Maybe why I love taking photos is because for me it is one way of concentrating on the present moment; of capturing what time we have to play with, what little time we have at our disposal at any given moment; the time in the gap.
The last two days in my small city we’ve been blessed with clear, sunny and mostly still weather, even though it’s winter. Winter has worn itself out from behaving badly. But I have no illusions about this present state of bliss being sustained. There will be more wintry mischief yet before spring arrives.
I’ve been thinking of portals and time. Something about the things that stopped me in my tracks in the last two days and asked me to take their photo, reminded me of portals.
For example, the butterflies that came across my middle-winter (one painted, one real) which appeared to offer a portal back into the past summer.
I’ve heard time described in several different ways lately. As an hour glass being one, with the past the sand lying at the bottom of the glass and the future, the sand at the top, yet to fall.
Staying with the hour-glass theory, the present becomes the tiny gap in the middle, its sole purpose to be a portal for the sand to pass through. The smaller the gap the better, but whatever the size, the trick is to concentrate on the gap (mind the gap) because there is zilch to be done about what is yet to come or what has already happened. So why waste time trying? Better to put any best efforts into enjoying the present moment, rather than wasting energy (and time) uselessly batting at shifting grains of sand.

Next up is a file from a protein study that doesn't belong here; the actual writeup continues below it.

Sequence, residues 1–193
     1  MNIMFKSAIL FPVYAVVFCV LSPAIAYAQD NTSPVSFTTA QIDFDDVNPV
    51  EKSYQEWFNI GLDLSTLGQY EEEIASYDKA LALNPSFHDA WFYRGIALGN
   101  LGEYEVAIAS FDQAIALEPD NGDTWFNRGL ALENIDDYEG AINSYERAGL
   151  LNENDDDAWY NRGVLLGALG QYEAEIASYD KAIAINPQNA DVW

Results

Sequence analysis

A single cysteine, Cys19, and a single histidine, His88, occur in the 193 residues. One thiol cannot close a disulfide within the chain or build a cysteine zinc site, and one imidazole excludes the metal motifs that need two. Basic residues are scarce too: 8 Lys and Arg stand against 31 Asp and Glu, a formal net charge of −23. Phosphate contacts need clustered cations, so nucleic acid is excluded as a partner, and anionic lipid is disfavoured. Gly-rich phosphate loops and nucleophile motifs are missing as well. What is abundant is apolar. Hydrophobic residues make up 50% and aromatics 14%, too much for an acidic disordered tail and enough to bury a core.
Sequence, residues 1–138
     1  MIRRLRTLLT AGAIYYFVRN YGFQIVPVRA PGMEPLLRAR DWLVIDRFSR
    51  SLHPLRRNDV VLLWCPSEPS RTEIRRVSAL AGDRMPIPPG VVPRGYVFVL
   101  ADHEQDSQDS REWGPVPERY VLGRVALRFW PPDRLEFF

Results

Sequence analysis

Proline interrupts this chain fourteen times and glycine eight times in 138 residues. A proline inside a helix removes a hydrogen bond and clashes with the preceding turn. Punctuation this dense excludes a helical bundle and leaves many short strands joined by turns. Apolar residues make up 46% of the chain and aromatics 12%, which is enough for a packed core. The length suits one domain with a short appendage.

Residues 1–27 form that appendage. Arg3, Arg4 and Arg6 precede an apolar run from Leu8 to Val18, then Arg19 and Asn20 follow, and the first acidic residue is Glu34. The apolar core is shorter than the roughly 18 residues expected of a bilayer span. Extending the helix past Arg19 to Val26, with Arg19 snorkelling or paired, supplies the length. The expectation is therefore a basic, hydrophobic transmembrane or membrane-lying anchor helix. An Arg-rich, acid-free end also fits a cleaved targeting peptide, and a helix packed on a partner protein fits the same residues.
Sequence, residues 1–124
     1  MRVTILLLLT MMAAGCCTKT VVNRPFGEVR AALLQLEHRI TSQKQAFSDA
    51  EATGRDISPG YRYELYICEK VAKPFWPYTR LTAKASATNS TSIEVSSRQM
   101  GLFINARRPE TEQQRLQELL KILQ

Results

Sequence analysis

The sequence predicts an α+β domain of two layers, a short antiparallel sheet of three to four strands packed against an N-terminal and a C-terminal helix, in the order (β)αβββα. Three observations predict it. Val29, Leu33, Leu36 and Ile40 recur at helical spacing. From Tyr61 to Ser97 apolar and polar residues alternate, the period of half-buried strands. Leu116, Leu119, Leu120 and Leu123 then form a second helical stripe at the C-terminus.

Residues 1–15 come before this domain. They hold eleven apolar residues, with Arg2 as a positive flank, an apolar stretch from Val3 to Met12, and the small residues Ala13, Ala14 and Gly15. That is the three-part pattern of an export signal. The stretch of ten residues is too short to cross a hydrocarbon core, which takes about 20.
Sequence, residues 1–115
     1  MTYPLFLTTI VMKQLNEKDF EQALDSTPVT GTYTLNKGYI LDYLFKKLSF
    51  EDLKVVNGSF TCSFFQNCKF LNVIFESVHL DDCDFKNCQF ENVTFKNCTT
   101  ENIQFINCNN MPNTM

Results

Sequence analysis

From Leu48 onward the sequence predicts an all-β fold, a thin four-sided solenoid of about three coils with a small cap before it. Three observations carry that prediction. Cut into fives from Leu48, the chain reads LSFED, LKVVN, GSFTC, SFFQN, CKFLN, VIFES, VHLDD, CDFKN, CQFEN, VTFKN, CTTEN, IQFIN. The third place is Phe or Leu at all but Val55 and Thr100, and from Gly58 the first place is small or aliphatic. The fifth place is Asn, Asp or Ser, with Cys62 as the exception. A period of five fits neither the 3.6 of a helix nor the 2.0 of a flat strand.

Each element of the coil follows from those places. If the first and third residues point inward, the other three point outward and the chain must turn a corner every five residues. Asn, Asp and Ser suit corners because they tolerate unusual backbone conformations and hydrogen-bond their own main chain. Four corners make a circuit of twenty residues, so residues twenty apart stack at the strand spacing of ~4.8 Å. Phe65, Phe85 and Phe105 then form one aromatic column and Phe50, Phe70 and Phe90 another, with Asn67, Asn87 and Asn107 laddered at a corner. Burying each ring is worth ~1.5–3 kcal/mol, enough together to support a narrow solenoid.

Photons are the only time travellers. That is something I’ve learned lately, not that I understand either the how or the why. I just liked the pretty illustrations on the site I read up about them and the idea of non-time and non-distance and how that changes perception. In case you have a better brain for such things, here is one link that refers to that subject.
One thought on “Portals”
Your photos of the murals are also portals, taking me back to our visit to NZ! We were well prepared for most aspects of our visit, but the prevalence and quality of the murals scattered across Aotearoa was completely unexpected and a real joy.
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